During one Sunday morning, my friends invited me to join with the non-profit organization, YCAB to conduct a survey on their micro-finance clients. The place was a large slum, with hundreds of houses merely two meters from the train tracks. This slum area was in Rumah Susun Petamburan, a place near Grand Indonesia and other large high-class malls. Not knowing to the shoppers, just behind them were people who lived on les than $2, or around Rp. 18,000 a day.
I woke up early on Sunday morning, and was picked up by a few of my friends. After getting lost, we all went to a meeting building, which was quite close to the slum area. There we were briefed by YCAB supervisors and organizers, and were put into different groups. Each group was to go to a certain part of the slum and conduct the surveys there. In each group were around eight people, and each of them was partnered up. I was partnered with EB and one field supervisor. We then went to the slums and conducted our surveys. There was a wide range of different people, including old, young, working, unemployed, sick, and many others. The place was quite scary at first, as it was only two meters from open train tracks. Throughout the whole activity, probably more than twenty trains passed by. EB and I took turns asking questions and recording the results. In the end, we surveyed six homes, which consisted about three people per home. Most of the people in the slum area only went to junior school (SD), and were only getting paid minimum wage (Rp. 1.2 juta) per month, at the highest. Only one person we surveyed was being paid minimum wage. The rest earned way less, some not even earning money at all because they had no jobs.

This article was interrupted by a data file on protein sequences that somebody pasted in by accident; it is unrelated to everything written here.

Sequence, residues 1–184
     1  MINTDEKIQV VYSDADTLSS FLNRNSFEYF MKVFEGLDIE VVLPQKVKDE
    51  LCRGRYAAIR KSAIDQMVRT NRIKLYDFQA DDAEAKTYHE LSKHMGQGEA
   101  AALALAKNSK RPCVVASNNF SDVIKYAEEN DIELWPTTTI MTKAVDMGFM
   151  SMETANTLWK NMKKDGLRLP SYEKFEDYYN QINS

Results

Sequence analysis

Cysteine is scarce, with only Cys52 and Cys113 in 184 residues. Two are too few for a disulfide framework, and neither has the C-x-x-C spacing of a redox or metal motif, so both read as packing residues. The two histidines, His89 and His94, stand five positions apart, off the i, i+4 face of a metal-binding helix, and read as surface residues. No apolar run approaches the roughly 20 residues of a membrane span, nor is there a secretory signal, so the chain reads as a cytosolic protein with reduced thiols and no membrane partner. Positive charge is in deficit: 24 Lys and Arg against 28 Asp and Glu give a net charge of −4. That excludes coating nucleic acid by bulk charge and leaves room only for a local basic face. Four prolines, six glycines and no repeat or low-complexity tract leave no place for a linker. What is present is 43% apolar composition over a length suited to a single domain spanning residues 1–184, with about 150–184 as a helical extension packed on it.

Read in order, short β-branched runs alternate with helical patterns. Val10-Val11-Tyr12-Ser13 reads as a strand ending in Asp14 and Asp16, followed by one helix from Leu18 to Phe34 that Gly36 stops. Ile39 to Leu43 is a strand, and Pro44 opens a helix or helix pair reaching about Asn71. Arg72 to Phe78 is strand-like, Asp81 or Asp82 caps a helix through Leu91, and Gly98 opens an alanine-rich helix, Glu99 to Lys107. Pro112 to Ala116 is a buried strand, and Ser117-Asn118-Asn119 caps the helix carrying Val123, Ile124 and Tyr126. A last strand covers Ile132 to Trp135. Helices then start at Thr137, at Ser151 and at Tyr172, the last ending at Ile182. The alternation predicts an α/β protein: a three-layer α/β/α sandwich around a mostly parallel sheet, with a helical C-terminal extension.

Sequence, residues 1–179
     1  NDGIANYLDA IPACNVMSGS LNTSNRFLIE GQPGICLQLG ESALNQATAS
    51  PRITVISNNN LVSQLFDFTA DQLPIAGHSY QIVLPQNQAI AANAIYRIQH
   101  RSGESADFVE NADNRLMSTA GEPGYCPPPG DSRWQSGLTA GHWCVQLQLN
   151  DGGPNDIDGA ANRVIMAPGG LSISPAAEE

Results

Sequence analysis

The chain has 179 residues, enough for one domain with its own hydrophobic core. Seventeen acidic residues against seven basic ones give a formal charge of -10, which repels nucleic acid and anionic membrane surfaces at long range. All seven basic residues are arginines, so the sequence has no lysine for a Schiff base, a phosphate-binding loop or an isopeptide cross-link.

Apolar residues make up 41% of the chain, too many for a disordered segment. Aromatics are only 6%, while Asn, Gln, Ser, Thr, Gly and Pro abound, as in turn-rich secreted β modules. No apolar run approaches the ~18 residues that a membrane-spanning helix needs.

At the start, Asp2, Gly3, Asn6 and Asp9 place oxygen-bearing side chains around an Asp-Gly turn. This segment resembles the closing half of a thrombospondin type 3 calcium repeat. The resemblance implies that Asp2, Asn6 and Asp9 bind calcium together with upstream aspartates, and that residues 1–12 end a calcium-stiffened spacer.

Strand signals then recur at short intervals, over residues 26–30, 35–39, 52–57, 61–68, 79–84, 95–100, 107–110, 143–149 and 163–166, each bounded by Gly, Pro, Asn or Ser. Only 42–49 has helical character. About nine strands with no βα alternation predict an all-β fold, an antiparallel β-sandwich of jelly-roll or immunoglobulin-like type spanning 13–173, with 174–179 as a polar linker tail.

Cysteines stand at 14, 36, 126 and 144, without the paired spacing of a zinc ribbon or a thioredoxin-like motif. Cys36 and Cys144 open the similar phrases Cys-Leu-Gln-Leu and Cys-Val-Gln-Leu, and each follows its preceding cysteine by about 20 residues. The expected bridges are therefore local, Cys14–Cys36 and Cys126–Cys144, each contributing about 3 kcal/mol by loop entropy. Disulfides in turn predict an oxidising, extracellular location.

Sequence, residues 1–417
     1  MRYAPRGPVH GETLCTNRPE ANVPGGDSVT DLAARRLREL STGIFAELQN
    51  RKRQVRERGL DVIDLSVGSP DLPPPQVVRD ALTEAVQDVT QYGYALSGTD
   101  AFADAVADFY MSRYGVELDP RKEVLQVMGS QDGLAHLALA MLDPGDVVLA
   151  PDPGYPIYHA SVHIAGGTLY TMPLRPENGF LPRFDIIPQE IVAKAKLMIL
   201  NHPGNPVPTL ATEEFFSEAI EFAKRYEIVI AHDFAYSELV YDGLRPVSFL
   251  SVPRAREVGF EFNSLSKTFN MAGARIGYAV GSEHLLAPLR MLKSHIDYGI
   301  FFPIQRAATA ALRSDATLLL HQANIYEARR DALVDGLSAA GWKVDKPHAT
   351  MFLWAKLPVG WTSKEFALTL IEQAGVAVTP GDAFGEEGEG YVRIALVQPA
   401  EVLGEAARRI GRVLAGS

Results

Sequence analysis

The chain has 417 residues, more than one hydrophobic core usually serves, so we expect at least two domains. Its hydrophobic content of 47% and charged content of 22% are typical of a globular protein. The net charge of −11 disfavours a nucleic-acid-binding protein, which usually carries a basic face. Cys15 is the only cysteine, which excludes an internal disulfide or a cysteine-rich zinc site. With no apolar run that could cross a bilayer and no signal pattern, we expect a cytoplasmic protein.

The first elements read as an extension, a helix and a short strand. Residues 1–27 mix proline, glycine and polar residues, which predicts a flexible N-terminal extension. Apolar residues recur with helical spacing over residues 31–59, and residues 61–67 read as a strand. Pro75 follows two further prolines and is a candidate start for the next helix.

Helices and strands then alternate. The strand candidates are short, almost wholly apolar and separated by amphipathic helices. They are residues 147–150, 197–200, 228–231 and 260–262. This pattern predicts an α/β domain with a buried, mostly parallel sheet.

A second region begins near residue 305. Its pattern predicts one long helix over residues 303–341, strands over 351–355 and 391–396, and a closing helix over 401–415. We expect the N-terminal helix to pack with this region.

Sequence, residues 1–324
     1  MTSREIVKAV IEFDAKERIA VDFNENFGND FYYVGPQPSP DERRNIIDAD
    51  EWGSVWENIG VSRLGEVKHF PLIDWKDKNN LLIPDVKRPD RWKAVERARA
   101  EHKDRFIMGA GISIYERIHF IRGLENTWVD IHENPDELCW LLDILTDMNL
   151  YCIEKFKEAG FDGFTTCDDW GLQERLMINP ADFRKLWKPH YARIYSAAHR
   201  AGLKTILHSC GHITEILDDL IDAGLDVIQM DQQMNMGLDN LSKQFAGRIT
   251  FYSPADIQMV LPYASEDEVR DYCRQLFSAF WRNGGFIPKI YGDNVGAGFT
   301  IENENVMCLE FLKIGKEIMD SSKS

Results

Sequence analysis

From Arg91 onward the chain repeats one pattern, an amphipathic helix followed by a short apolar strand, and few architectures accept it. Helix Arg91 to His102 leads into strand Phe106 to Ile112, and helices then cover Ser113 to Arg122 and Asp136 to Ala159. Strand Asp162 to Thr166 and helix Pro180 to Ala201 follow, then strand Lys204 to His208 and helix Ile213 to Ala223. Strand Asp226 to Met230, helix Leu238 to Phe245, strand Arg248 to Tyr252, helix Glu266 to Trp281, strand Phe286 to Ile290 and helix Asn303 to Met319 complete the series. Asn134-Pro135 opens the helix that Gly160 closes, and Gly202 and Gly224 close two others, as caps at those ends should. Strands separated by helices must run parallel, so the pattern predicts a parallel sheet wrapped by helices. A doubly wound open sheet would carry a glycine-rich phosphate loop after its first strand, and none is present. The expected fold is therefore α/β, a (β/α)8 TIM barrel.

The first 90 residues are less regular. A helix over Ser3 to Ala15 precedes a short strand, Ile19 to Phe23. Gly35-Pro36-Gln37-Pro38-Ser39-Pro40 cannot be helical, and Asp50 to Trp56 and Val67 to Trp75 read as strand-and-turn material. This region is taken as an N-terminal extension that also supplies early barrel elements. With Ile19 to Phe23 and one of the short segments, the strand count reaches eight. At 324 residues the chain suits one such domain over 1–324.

Throughout this activity, I was able to learn a variety of different things, both new and old. I mainly learned that I have to be extremely grateful for what I have. In the slums, a family of five can live, eat, shower, and others in one 3 x 4 meter hut. My room is around 6 x 7 meters, maybe even more, and I am the only one occupying it. I was very touched that even though some of the people were sick and weren’t being treated, and living in terrible conditions, they still put on a beautiful smile, showing how happy they are living the life they’re living. In a day, one family living in the slums spends a maximum of Rp. 50,000. I can spend more than Rp. 150,000 a day on my own. This activity opened my eyes and changed me. It exposed me to the real Indonesia, which I haven’t known for the past 14 years of my life. I never thought about the poor that much, and never thought that they were living in such bad conditions. All I want to do is help them through more activities such as this, and pray for them.